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How to Create a Lifelong Learning Habit Even After You Graduate

Updated: Aug 27, 2023

Are you a fan of lifelong learning like I am? Some of the benefits of lifelong learning are: it helps prevent an existential crisis, it helps you grow as a person, and you become more interesting, respected, creative, and employable.

So, let's begin with this: what is lifelong learning?

If ongoing, voluntary, or self-motivated sounds overwhelming to you, then you are in good company. You might be thinking, "I can hardly muster up the motivation to change the clothes from the washer to the dryer, let alone enroll myself in a school I created, with a curriculum I wrote, where the accountability begins and ends with me." But as stated before, the benefits are tremendous and definitely are not solely limited to the ones listed. I would hate for you to miss out on them.

I am going to help mitigate some of the confusion and overwhelmedness that lifelong learning may stir in you by giving you a step-by-step guide of how to create and maintain your own lifelong learning habit. Let's begin friends.

Create the Curriculum

I know that this step can sound a little intimidating at first glance of the title but it doesn't have to be. This step is not as complex as it sounds. Honestly, it is quite simple. All you need to do is determine what you would like to study. It does not have to be subjects you're used to studying, either. If you are fresh out of college, subjects that might initially come to your mind are humanities, calculus, or English. Push yourself to think outside of the box. You will come to realize that the world is full of amazing and exciting information to be learned.

Before we begin determining what we will learn, I want us to remove any limiting thoughts that might prevent us from getting the most out of this process or would cause us to abstain from the process altogether. The first limiting thought that I want to mention is: lifelong learning is not limited to the traditional subjects that you think of when you envision school. The second limiting thought I would like us to set aside is that lifelong learning is solely reading books. I believe reading has a place in this process, but if you are someone who hates reading and would allow that to be a reason to not partake in lifelong learning then, I want to ensure you that there are other ways to continue to learn. I will talk more extensively about this in the next section, but first, I have created a list of lifelong learning ideas for you. Remember, there are many, many more ideas, but I wanted to give you a solid list to begin with.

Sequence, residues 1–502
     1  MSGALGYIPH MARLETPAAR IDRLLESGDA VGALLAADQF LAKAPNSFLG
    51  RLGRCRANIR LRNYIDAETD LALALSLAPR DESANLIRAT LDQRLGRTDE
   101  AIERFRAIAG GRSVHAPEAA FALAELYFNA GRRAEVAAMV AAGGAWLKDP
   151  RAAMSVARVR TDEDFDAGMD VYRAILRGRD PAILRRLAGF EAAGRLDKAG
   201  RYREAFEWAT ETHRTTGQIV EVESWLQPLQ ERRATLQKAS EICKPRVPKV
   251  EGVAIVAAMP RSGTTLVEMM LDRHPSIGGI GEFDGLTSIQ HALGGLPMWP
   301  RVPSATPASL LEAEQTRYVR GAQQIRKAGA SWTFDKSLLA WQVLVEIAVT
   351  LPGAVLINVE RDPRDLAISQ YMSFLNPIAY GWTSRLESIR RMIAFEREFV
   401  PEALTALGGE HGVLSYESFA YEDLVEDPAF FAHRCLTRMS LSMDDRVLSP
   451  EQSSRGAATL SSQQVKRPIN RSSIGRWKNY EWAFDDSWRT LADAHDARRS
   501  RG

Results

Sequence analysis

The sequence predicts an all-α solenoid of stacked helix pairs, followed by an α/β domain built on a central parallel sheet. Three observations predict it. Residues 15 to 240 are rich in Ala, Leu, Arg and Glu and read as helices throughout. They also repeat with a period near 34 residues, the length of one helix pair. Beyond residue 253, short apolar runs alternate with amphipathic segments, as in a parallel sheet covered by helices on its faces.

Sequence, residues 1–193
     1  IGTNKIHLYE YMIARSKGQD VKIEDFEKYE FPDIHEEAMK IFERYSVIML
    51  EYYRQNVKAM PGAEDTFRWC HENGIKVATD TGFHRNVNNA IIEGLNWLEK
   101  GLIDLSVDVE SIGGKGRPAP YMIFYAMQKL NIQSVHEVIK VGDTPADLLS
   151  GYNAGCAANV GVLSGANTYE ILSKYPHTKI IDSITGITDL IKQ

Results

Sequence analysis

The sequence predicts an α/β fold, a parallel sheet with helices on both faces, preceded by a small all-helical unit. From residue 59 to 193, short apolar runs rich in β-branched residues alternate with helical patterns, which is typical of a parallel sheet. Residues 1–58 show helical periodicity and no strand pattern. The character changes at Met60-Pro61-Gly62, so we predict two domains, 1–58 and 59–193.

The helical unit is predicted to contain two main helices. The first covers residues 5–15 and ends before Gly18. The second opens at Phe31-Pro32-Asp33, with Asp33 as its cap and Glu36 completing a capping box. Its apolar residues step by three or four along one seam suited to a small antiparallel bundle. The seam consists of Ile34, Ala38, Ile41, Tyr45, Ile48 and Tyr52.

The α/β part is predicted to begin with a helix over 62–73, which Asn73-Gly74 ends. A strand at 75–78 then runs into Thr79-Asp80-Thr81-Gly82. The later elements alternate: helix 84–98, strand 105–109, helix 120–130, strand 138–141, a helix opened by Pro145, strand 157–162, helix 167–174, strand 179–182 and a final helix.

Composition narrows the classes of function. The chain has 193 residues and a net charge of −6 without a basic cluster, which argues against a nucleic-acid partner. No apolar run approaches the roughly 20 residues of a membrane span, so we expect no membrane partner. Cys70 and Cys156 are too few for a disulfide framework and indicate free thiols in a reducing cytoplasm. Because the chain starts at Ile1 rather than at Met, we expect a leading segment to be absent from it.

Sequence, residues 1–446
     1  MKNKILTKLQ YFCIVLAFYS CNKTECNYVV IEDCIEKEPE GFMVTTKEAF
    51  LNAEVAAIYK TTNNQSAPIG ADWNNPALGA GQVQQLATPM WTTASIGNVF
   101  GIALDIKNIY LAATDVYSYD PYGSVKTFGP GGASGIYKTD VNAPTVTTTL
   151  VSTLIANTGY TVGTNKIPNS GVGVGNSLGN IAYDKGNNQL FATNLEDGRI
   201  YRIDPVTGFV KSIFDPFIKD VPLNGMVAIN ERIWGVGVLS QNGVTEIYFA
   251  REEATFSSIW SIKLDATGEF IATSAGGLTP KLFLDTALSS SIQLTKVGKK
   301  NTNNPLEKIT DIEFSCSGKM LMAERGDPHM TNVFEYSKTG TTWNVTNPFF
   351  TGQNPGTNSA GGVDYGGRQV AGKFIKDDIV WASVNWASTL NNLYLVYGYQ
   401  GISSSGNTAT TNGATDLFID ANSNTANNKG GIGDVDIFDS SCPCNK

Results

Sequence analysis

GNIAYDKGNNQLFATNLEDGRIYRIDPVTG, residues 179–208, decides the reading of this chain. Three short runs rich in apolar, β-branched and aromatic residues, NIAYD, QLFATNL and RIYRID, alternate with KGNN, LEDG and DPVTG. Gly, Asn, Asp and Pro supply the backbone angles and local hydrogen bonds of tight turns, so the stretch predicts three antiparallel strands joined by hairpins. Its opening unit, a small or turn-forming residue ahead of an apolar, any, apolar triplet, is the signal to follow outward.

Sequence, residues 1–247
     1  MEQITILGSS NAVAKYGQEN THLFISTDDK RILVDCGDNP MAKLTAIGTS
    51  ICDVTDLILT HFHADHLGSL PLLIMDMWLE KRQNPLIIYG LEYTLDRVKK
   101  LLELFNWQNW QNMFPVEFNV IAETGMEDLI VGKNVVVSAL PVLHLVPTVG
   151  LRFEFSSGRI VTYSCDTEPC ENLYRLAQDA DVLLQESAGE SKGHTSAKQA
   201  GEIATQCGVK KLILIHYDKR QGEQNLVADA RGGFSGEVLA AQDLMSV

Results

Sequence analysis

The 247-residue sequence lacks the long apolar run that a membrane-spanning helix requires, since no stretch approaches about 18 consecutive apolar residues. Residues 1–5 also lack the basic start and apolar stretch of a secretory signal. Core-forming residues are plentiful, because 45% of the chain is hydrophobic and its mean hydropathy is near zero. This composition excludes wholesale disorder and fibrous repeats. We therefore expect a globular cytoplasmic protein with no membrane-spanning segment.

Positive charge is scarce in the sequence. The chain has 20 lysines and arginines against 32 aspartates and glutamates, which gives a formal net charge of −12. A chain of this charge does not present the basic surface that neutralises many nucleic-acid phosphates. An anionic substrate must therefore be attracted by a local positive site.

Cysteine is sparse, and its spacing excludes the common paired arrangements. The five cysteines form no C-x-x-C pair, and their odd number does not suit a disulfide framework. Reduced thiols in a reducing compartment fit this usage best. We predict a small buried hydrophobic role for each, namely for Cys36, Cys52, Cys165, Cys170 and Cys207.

Lifelong Learning Ideas:

1. Read the classics.

2. Learn how to grow a garden.

3. Watch all of the Star Wars movies.

4. Learn how to properly lift weights.

5. Learn how to cook an amazing steak.

6. Learn how to make marinades.

7. Learn how to blow glass.

8. Learn how to invest in the stock market.

9. Learn how to make jewelry.

10. Learn how to build a budget.

11. Learn interior design.

12. Learn the history of the town you live in.

13. Learn how to develop confidence.

14. Learn how to define and communicate your own values.

15. Learn how to start a business.

16. Learn how to start a blog.

17. Learn how to use Photoshop.

18. Learn how to make your own laundry soap.

19. Learn how to landscape your backyard.

20. Learn how to write a resume.

21. Learn calligraphy.

22. Learn how to style your hair multiple different ways.

23. Learn how to properly wash your face.

24. Learn how to properly store your vegetables.

25. Learn how to play a new sport.

26. Teach yourself more vocabulary.

27. Learn how to do your own taxes.

28. Develop your leadership skills.

29. Learn the core beliefs of all the religions.

30. Learn how we learn.

This list could be endless. Explore conventional and unconventional ideas of learning. Have fun with this.

Methods for Lifelong Learning

Just as there are many subjects you can learn, there are also many ways you can learn.

Consider the following:

1. Podcasts

2. Audio-books

3. Classes offered by your local college. They do not necessarily have to be for credit.